Wednesday, April 23, 2014
Here's a test. You are a developer looking to do a big project in Portland. Who do you talk to?
The city manager? He's important, but he is an administrator, not a policy maker.
The mayor? You should probably give him a call, but realize that he has another full-time job and won't be able to put much energy into your proposal. Plus, take a good look at the calendar because the mayor's term starts in January and effectively runs out of steam around Election Day.
The City Council? Sure. But remember that there are nine of them and you need support from at least five. Keep in mind that any one of them can change his mind and three of them are up for re-election every year, so your five can turn into four or fewer very quickly.
The answer is that there's no one place to call where your idea will get a listen from someone whose job is to have a vision for Portland, speaks for the city and will be around long enough to get your project under way.
That's what the elected mayor proposal on the Portland city ballot attempts to change. Portland voters should say "yes" to providing leadership that the city has lacked.
The position as envisioned by the Portland Charter Commission after a year of research and deliberations, is a political leader for the city.
A FULL-TIME JOB
The mayor would run for office city wide, and because of a built-in ranked choice or instant run-off voting process, could only take office with support from a majority of the voters.
The proposed mayor's term would be four years, as opposed to three for city councilors or one for the honorary mayor chosen by the City Council.
The elected mayor would be considered a full-time job, and would be compensated that way, earning one and half times the city's median income, or $66,000 under current Department of Labor figures.
That mandate from the people, length of term and constant presence in City Hall would give the mayor stature that no city official currently has. For the first time, there would be one person, accountable to the voters, who could speak for the city.
Inside City Hall, the mayor would continue as one of nine voting members of the City Council, would chair their meetings and consult with the city manager on the development of the budget.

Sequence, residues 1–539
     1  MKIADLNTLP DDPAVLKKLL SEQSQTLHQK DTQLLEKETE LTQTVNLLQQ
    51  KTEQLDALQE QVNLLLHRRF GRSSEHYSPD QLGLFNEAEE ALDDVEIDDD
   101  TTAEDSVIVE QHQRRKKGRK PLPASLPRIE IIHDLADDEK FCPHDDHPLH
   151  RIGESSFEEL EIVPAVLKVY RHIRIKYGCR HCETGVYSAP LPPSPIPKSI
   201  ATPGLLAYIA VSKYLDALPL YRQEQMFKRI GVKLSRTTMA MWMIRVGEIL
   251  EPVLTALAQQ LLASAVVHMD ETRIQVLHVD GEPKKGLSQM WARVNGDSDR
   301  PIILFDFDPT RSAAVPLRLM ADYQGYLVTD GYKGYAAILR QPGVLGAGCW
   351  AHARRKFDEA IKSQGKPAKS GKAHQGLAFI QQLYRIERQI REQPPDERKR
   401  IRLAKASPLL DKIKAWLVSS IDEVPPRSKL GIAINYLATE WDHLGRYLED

The mayor would have the special power of veto over the budget (which the council could override with six votes) and would chair the evaluation and hiring processes for top city officials. This would not be a "strong" mayor, as is common in some of the nation's biggest cities and some Maine communities like Westbrook, where the mayor is the chief executive officer and has the ability to hire and fire department heads.
Under this proposal, Portland would remain a council/manager form of government, where a professional city manager holds the reins on day-to-day operations and hires the department heads, such as the police chief.
So why pay a salary to an official that has no executive power? Because Portland is not suffering from a lack of competent management but a lack of political leadership.
The City Council has the sole power to set policy, but that doesn't mean that the staff will carry it out without some prodding.
A political leader, whose job is to bridge differences on the council and make sure that their policy ideas are implemented, has a chance to move the city forward on issues that have been too complicated in the past.
The cost of one more person on the city's payroll to represent the citizens and oversee how the rest of their $196 million budget is spent doesn't sound like an extravagant expense to us.
The critics of this proposal are right about one thing: Portland is already a terrific city with a lot of potential to grow as a desirable place to live, visit and do business.
But the opponents can't show how directly electing a mayor would interfere with that. Instead we think better defined political leadership would position the city for an even brighter future. We urge Portland residents to vote "yes" on Question 1.